Teaching Traveling: Readers, get psyched to learn how one woman taught abroad in Azerbaijan, Japan, Italy, and now Venezuela! Welcome, Amanda. Tell us a bit about your background.
Amanda: I’m from Portland, Oregon, USA. I have been teaching since 2009, but I have been teaching overseas since I 2010. Before teaching I was a social worker and research assistant.
My international teaching career started with internships in Japan and Italy over the course of two summers. I was also an ESL volunteer teacher in Azerbaijan for four months.
Currently I am teaching second grade at an international school in Venezuela. I will be returning to Venezuela to teach for a third year but I will be relocating to a bigger city only 20 minutes from the Caribbean!
TT: Amazing! Tell us more about your travels.
A: Over my December break this school year, I went to see Angel Falls (the tallest waterfall in the world). To get there I had to take three planes, including this little airplane (I love tiny planes!) that only had 20 seats and landed in the middle of the jungle.
I had never before visited an airport in a jungle! The airport had a thatched roof made from local trees and did not have any walls. There were no loudspeakers, only a small man who would point to you when your flight arrived.
The camp I was staying at sent a jeep to pick up my friend and I and then brought us up the road and upriver further into the jungle. Once there we were greeted with welcome punch and brought to our cabins in the jungle. They were simple but the view of the river couldn’t be beat!
The next few days were spent boating and hiking to and around various waterfalls. Finally we were taken by boat two and half hours upstream to our basecamp with a view of Angel Falls. We had enough light to explore for a couple of hours and have dinner before retiring early so that we could wake up bright and early for a hike to the top of Angel Falls.
The local guide led us through the jungle paths, showing us spiders, local plants, and pointing out a couple of birds, and then the long hike to the top began. Whew! It was seemingly straight up a “path” of roots, rocks, and other forest debris. It was worth it once we got to the falls and were finally able to play in the water and take in all of the sights.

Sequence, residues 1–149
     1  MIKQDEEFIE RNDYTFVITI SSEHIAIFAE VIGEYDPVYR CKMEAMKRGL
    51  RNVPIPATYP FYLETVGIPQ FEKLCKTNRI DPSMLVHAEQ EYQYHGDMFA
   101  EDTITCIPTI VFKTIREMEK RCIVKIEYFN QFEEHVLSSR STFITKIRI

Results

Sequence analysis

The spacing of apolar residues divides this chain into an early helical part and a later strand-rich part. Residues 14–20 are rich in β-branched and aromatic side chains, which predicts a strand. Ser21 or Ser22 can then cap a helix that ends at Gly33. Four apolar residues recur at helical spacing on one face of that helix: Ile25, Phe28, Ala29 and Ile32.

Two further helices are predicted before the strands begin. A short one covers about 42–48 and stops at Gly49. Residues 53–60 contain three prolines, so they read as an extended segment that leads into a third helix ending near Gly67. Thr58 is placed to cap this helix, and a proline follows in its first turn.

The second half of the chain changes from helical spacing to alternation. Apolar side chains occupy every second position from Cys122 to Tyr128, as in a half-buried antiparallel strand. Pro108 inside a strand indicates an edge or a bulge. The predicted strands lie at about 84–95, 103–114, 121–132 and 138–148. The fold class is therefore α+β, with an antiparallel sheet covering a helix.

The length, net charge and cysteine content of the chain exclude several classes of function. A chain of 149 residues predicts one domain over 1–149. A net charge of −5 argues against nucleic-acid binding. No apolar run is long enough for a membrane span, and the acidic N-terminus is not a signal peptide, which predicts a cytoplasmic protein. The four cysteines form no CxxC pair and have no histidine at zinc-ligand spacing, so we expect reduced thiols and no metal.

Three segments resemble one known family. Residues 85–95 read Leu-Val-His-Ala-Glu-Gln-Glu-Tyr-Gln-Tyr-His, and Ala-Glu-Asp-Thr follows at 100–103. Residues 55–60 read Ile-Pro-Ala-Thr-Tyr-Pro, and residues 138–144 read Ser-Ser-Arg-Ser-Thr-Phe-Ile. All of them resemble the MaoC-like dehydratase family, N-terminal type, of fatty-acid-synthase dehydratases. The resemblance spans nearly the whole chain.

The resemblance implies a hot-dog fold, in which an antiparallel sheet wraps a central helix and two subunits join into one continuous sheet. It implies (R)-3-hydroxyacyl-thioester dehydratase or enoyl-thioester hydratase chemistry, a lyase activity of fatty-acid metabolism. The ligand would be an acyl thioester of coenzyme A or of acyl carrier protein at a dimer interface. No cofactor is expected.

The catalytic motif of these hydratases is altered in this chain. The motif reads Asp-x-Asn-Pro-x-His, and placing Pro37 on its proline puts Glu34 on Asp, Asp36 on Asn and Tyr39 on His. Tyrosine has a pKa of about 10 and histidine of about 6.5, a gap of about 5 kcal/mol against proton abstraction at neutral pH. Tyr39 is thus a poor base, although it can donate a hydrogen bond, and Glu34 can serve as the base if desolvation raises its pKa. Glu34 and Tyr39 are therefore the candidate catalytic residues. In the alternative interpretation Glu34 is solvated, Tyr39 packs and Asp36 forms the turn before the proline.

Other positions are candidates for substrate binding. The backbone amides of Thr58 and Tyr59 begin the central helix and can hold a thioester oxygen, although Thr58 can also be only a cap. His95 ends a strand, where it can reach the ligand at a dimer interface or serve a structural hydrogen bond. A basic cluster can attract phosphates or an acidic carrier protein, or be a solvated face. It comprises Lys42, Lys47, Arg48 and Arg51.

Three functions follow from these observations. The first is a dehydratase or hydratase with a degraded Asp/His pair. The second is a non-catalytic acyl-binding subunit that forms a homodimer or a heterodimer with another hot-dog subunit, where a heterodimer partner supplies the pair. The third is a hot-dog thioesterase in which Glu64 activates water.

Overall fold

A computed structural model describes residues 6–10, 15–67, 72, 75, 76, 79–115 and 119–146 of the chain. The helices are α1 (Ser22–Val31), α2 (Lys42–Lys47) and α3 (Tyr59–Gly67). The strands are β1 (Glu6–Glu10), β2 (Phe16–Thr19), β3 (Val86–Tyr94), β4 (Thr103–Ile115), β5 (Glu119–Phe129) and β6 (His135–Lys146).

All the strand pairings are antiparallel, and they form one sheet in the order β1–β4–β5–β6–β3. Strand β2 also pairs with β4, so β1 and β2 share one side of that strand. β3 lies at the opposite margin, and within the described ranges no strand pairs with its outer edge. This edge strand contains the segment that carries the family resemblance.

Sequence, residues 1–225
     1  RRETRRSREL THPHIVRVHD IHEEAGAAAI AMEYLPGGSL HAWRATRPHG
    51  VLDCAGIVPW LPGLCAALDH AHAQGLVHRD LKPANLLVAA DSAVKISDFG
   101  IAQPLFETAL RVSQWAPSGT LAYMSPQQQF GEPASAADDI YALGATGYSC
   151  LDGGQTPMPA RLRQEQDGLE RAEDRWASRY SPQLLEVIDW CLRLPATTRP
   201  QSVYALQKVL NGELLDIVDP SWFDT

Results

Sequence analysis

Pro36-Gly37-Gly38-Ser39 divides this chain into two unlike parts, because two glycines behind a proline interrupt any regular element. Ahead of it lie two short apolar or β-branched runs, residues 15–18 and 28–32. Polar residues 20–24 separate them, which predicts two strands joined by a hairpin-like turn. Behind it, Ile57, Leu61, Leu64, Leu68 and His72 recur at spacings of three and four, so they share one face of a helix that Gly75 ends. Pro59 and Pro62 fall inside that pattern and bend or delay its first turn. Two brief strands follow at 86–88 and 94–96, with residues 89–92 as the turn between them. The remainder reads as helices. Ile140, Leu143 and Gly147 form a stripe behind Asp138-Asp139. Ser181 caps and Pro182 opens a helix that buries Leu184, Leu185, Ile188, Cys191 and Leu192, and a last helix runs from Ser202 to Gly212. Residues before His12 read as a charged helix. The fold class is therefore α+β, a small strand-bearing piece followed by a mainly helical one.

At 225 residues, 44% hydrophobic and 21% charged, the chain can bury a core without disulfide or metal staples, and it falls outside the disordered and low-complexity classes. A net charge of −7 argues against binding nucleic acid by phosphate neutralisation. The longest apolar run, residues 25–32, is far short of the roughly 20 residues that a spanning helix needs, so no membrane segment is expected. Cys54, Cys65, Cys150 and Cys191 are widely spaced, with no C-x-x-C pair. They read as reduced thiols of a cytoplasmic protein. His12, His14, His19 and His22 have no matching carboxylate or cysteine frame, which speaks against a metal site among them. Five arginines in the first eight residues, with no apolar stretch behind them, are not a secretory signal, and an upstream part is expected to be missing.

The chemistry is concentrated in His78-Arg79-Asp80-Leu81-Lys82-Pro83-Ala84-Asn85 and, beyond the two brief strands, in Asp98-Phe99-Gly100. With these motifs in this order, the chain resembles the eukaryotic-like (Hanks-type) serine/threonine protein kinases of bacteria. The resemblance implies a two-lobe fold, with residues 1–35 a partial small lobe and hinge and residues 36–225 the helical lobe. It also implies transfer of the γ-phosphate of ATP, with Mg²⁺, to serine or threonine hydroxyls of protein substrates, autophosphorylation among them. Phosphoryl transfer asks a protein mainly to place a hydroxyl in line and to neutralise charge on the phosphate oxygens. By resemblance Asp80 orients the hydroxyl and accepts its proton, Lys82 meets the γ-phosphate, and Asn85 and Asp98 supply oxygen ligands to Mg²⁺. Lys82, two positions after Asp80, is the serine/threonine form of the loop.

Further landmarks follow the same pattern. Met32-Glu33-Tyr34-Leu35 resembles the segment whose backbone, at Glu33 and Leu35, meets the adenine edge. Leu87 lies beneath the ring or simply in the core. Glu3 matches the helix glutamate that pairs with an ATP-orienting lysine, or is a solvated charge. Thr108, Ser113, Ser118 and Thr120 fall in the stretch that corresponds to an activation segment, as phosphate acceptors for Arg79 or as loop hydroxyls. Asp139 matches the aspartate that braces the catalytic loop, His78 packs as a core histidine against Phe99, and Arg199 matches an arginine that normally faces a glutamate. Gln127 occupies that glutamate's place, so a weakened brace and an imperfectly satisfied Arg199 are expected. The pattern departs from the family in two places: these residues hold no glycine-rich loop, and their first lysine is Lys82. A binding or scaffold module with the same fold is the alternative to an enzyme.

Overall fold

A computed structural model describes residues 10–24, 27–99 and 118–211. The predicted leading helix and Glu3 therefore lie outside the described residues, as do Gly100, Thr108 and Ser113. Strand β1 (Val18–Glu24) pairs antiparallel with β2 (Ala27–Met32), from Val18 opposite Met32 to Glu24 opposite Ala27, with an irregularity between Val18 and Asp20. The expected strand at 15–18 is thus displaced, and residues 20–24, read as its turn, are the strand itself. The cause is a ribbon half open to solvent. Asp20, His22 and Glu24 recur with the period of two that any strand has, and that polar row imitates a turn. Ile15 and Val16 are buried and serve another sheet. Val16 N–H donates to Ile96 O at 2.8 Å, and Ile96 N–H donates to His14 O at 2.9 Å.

I will never forget that trip!
TT: How did you find your teaching abroad opportunity?
A: I got into international teaching because I was researching the best careers that would enable me to travel and see the world. I think I used www.TIEOnline.com to find my first overseas teaching job at an international school.
TT: How did you find the money to fund this travel?
A: My schools always have paid for my airfare to my host country and from there my salary easily pays for any expeditions I go on during the year.
TT: Tell us one moment from your travels that was particularly powerful, interesting, or funny.
A: When I was volunteering in Azerbaijan I remember that the floors had missing planks and were covered in dust, the blackboard had holes in it, chalk was hard to find, and the room was completely bare of any teaching materials.
At first I was hesitant to teach in such an unfamiliar teaching environment, but those kids were the most enthusiastic and the most determined students that I have ever had. It was this group of students who convinced me that I would one day become a full-time international teacher.
TT: How have your travels impacted you as a teacher, and in your current career?
A: I have only been teaching abroad for the past four years, but I am convinced that I want to do this for the rest of my life. It is so amazing to be able to experience this mix of cultures and languages in my classroom.
It is great fun for my students and I to compare the places we have lived and the different countries we have visited. My students are all very worldly and well-traveled. I feel like I am constantly learning every day I go to work!
TT: How have your travels impacted you as a person?
A: I travel without any family and friends so I have learned to become very self-sufficient and independent. Like many people away from home for long periods, I get lonely and wish I had a family who wanted to travel the world with me.
I have learned to quickly make friends wherever I go and to rely on the internet to keep my family and friends all around the world close to my heart.
TT: What advice do you have for teachers who are dreaming of travel, or travelers dreaming of teaching?
A: If you are wondering about what life is like for an international teacher you can check out my blog at teachingwanderlust.com/. However, the best advice I have is to just get out there and do it already!
TT: Thanks so much, Amanda! Readers, what questions or comments do you have?